The role of SPARC in pancreatic cancer

Mintzia, Christina Evangelina (2011) The role of SPARC in pancreatic cancer. (MSc(R) thesis), Kingston University, .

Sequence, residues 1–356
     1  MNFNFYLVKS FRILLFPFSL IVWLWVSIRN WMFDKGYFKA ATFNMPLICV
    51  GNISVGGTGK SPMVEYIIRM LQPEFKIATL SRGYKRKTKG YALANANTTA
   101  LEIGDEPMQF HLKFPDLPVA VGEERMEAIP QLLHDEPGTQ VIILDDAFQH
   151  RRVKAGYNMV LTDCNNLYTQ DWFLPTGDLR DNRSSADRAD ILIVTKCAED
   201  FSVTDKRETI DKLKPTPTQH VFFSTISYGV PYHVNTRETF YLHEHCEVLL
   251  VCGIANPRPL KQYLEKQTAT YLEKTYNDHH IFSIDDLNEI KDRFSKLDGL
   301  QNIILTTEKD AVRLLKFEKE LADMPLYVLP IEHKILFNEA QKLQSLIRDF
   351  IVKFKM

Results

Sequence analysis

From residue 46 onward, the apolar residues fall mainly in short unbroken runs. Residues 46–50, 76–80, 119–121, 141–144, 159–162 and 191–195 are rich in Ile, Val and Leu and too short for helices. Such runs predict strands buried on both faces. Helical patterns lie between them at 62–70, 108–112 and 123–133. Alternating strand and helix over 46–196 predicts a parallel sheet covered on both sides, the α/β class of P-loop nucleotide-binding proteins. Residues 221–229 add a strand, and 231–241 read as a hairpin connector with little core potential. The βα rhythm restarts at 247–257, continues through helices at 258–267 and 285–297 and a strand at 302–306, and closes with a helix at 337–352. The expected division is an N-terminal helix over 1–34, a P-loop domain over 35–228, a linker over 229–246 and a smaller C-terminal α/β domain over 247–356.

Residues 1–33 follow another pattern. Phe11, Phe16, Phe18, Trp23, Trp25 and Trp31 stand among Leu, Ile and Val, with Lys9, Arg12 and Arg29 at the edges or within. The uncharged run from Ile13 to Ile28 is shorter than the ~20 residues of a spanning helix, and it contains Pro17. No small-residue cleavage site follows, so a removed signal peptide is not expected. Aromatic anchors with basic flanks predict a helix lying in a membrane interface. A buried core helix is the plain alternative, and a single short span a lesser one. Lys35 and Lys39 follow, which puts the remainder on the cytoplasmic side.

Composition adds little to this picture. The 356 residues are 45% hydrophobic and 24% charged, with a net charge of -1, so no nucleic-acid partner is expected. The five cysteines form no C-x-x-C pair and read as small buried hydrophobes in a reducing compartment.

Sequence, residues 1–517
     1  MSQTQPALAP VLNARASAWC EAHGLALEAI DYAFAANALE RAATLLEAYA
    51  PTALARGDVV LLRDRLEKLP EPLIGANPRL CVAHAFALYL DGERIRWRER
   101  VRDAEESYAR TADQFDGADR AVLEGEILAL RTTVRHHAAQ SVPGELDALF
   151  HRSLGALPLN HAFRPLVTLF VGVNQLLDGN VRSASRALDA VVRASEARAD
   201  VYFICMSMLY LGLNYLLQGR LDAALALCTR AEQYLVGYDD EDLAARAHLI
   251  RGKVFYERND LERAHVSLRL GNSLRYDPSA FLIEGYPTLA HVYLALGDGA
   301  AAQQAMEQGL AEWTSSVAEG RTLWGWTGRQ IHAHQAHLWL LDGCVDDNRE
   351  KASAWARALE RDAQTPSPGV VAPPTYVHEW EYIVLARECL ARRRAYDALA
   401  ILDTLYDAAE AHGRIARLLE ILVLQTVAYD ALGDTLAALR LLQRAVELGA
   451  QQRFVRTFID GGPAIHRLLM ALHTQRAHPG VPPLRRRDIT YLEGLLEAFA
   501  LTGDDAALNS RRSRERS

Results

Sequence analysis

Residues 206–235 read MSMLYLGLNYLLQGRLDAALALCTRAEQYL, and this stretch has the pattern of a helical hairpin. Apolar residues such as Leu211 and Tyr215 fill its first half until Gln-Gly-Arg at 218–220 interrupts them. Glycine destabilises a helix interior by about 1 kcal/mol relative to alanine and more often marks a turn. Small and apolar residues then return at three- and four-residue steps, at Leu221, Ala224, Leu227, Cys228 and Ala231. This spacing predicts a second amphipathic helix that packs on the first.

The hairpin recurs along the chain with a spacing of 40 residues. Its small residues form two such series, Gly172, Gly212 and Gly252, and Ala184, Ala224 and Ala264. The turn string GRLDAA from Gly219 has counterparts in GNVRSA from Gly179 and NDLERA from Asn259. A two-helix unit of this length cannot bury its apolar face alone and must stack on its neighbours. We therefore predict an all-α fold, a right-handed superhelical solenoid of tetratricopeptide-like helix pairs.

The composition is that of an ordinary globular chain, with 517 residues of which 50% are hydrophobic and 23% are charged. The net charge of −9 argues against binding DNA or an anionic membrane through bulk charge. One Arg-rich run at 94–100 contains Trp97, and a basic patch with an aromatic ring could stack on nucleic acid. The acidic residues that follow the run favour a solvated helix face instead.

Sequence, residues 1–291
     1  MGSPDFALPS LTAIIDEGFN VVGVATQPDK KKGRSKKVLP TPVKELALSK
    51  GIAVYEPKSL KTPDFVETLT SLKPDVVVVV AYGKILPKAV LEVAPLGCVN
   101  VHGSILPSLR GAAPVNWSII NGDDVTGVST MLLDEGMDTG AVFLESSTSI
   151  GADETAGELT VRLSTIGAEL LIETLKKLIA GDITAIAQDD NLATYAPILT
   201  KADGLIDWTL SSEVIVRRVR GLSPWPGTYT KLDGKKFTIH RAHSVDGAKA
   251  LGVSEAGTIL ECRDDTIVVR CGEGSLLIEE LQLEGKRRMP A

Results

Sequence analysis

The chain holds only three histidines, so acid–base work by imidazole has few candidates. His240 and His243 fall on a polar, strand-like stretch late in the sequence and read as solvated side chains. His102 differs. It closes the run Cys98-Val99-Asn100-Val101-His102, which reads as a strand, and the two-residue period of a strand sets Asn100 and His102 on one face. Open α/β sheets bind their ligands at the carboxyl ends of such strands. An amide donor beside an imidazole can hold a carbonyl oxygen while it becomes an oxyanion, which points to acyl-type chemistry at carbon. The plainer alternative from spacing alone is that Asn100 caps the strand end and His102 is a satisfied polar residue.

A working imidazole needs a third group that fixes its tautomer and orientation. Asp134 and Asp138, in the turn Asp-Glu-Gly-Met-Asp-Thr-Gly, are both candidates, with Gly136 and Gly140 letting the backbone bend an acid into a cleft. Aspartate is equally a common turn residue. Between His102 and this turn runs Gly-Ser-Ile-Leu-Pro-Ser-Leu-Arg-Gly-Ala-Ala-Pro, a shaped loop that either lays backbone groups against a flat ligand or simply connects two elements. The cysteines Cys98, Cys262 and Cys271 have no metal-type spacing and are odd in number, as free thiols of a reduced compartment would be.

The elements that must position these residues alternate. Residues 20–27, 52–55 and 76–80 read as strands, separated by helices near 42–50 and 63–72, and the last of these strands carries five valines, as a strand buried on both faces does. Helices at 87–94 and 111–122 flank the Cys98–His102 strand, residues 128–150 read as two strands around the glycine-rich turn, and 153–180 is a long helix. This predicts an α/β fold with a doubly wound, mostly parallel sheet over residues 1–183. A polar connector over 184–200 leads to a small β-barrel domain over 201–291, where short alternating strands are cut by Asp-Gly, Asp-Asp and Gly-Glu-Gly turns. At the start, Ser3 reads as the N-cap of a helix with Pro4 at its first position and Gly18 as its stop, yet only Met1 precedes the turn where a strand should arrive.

Pancreatic cancer is a highly aggressive disease with generally poor prognosis. This is due in part to late presentation and frequent drug resistance. Gemcitabine chemotherapy is the standard first-line treatment for pancreatic cancer. The development of an invasive pancreatic cancer is thought to be dependent on the interaction between malignant cells and stromal fibroblasts. SPARC, also known as osteonectin, is a matricellular protein that interacts with components of the extracellular matrix (ECM) and can modulate cell growth and migration. It is expressed by both tumour and stromal cells and is thought to play a role in the tumour-stromal interaction. A recent study by Toshimitsu et al (2006) suggested that expression ofSPARC in YPK-l pancreatic cancer cell line is regulated by Gemcitabine treatment. The aim of this project is to test this hypothesis that drug resistance is associated with the level of SPARC expression in pancreatic cancer cells. In this study, SPARC mRNA expression was examined in four pancreatic cancer cells lines (AsPC, Panc-l , PT-4S and Capan-l), before and after Gemcitabine treatment, at 0.01, 0.1 and 1.0 [mu]g/ml, at 24 and 48 hours (control and treated cells). Results showed that although 1.0 [mu]g/ml Genicitabine increased SP ARC expression at 48 hours in all four cell lines, the difference over control cells is variable and not statistically significant. The greatest change was observed in Panc-l cells, with on average a S-fold increase in SPARC expression at 48 hours using 1.0 [mu]g/ml Gemcitabine. In Panc-l cells, the Gemcitabine dose range was therefore extended to include 2.0, 5.0 and 10.0 [mu]g/ml, The highest Gemcitabine concentration induced a S-fold increase in SPARC expression at 48 hours. However, although these results demonstrate that SPARC expression can be elevated by Gemcitabine treatment, no overall association was observed between SPARC induction and drug resistance of the different cell lines, as determined by growth curves. Instead, high basal SP ARC expression appears to be associated with poor growth characteristics in anchorage-independent cell culture. Therefore, this could suggest that cancer cells expressing low levels of SP ARC may demonstrate a more aggressive phenotype and capacity for anchorage-independent growth.

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